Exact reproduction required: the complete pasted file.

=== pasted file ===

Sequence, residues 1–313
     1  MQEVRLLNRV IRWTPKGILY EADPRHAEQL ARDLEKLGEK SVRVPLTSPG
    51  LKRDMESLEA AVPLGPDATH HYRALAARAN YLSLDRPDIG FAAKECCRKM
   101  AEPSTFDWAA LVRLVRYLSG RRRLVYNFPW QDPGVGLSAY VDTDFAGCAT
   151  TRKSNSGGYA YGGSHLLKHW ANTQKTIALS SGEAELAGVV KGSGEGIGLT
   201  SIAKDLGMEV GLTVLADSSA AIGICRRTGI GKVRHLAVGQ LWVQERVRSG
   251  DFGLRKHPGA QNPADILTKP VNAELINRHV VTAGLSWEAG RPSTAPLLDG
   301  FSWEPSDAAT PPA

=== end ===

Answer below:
Sequence, residues 1–313
     1  MQEVRLLNRV IRWTPKGILY EADPRHAEQL ARDLEKLGEK SVRVPLTSPG
    51  LKRDMESLEA AVPLGPDATH HYRALAARAN YLSLDRPDIG FAAKECCRKM
   101  AEPSTFDWAA LVRLVRYLSG RRRLVYNFPW QDPGVGLSAY VDTDFAGCAT
   151  TRKSNSGGYA YGGSHLLKHW ANTQKTIALS SGEAELAGVV KGSGEGIGLT
   201  SIAKDLGMEV GLTVLADSSA AIGICRRTGI GKVRHLAVGQ LWVQERVRSG
   251  DFGLRKHPGA QNPADILTKP VNAELINRHV VTAGLSWEAG RPSTAPLLDG
   301  FSWEPSDAAT PPA